Sunday Salon: On Olympics and Outhouse-cocoons

I am utterly, utterly Olympics-mad.  I know that there are problems with the Games: they are emblems of globalization, funneling money into vast corporate projects with limited long-term usefulness and fostering nationalism when their putative purpose is to shore up internationalism.  But (and this is when it becomes obvious that I am a liberal rather than a radical) I can't help it: I believe in the idealism of the transnational project of peaceful competition, mutual respect, and the pursuit of achievement, even when it fails to meet its own standards.  The striving is all.

So in honor of the Olympics, I give you this cairn or inukshuk (the inspired Olympic logo for Vancouver) that D and I happened upon along the Fundy Shore of New Brunswick this summer.   Fundy sees the most extreme tides in the world: while we stood on this "beach," the tide began coming dramatically, visibly in, minute by minute.  Soon this wee inukshuk would be an island.

I have a particular fondness for the Winter Olympics, because I love obscure and poorly funded sports.  The more alien a sport is to my understanding, the more I want to watch every moment of it, and learn about the histories of the athletes who have dedicated their whole life to it.  Similarly, in the Opening Ceremonies, I weep voluminously over every team with just one athlete.  Imagine the pride in achievement, I blubber quietly to myself, to be the first Ghanaian (for instance) ever to qualify for the Winter Olympics, like the evocatively named "Snow Leopard."

What did you think of the opening ceremonies?  These are the first Olympics I have seen from outside the States (although there may have been one in my childhood that I watched from France - I can't quite remember), so I am struck by differences in coverage.  Essentially Canadian nationalism (Will this be the time when Canada finally wins a gold at home?  Will it? WILL IT???) replaces American nationalism in shaping the media coverage, all the more so in the opening ceremonies, in which Canada represents itself to itself, and itself to the world.  My Canadian friends felt that the way the First Nations performers were incorporated into the ceremonies had the ring of craven exploitation, of pretending to an attention to the history and concerns of indigenous peoples that the government does not, in fact, demonstrate in everyday practice.  In my Intro to Drama course on Tuesday, I am going to ask my students to talk about the Opening Ceremonies as a type of public national theatre, like the tragedy and comedy of fifth century Athens: how did the Games define their audience?  How did the allegory of national values work?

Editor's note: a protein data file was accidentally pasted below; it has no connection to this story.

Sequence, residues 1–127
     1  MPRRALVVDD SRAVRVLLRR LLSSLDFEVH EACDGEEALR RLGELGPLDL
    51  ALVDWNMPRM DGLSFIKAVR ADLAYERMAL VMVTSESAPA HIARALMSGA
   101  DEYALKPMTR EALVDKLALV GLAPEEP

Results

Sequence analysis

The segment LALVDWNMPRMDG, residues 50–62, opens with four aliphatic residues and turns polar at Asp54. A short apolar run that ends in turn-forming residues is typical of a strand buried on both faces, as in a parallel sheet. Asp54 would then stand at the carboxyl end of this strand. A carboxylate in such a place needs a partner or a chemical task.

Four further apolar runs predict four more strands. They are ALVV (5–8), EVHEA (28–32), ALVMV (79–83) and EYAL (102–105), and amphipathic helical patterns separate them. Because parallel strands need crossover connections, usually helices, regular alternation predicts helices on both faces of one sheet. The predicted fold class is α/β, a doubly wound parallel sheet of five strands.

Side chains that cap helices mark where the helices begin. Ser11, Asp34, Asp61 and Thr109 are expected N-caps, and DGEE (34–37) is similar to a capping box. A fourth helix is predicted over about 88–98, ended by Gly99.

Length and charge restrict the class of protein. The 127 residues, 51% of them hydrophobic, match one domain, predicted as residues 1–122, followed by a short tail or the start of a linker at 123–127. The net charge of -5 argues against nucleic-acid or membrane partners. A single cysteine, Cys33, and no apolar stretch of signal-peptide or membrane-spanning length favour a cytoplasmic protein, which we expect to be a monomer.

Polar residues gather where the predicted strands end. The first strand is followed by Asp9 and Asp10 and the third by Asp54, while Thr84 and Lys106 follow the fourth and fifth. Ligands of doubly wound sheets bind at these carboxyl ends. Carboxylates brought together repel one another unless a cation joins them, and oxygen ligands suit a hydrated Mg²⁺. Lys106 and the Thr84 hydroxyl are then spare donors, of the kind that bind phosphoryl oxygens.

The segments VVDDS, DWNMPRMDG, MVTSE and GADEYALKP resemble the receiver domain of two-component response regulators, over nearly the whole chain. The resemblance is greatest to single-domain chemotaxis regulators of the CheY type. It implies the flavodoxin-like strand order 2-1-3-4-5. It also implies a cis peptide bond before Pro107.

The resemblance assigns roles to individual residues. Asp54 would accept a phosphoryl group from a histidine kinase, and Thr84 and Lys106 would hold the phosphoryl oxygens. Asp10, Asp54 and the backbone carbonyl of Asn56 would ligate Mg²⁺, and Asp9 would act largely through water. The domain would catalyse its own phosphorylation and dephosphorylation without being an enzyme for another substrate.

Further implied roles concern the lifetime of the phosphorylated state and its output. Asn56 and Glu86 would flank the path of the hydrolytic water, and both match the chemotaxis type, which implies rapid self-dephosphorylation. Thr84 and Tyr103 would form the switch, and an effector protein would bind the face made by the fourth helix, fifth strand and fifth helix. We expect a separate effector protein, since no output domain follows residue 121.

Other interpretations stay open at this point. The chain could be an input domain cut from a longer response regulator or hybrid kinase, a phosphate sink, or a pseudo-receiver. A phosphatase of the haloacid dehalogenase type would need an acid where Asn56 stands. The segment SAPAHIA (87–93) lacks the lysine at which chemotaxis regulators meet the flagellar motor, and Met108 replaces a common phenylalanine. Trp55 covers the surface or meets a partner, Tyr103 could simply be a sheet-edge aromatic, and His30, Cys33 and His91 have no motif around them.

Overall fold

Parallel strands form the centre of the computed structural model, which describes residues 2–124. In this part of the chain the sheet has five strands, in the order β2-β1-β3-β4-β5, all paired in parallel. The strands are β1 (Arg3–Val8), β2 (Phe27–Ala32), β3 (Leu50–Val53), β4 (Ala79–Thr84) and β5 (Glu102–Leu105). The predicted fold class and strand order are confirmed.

So, what have I been up to this week, apart from Olympics-obsessing? 

My mother was stranded here on a visit with me in Nova Scotia after Snowmageddon prevented her return to Washington, DC, so she went with me to a reading of the poems of Canadian poet-playwright and eccentric James Reaney that I participated in.  Reaney's poetry was a revelation: funny and vehement and odd beyond belief.  My poem was an "Invocation to the Muse of Satire," and began with this ritually rhythmic, deeply satisfying-to-speak introduction:
With Punch's stick (he holds it in his hand)
Beat fertility into a sterile land
and ends with another nod to the violently regenerative role of satire in society:

Has no one seen the country where your cure has nursed?
It is a land of upturned privies with occupants inside them
Crawling out through new tops like astonished moths
Bursting from their unusual, foul and dark cocoons.

I can't recommend the Reaney works I heard at the reading highly enough; more on this, I hope, when my copy of the book comes in.  They are all filled with this sort of vivid, irreverent imagery.

I just finished 101 Things I Learned in Architecture School and Bettie Sharpe's Ember (hope springs eternal in the reviewer's breast that I will have posts up about these soon), which were both profoundly satisfying defamiliarizations of their very different subjects (the nature of the architectural spaces we move through every day, and the idea of personal agency in the world of fairy tales).

Now I continue on with my long-term projects (Sense and Sensibility and the Beckett trilogy), and pick up The Astonishing Life of Octavian Nothing, in the hope of finishing my heavy hardback copy before (hurrah!) leaving for Los Angeles at the end of the week. (Did I mention that in Nova Scotian universities, there is no Spring Break.  Instead it happens in February and we call it "Winter Break." A bit grim, eh?  Still, I shouldn't complain - the weather has been milder here this winter than anywhere else on the east coast I have ever lived.)

I am in the middle of watching Jules and Jim for my 1001 Movies Project (and, more pressingly, my Get My Tivo Cleared Off So That I Can Record More Obscure Olympic Sports Project), and it is quite, quite brilliant.  I heart Jeanne Moreau.  And so, apparently, do both Jules and his buddy Jim.  It has been a long time since I have enjoyed a love triangle so completely.  (Wait, untrue: LOST and Hunger Games both have really excellent love triangles, as do True Blood/the Sookie Stackhouse novels.  That's right, I just compared Truffaut to LOST and Charlaine Harris.  That's the way I roll.)
A couple of posts from the week gone by on Sycorax Pine:

Righto: short-track speed-skating calls, and I needs must answer.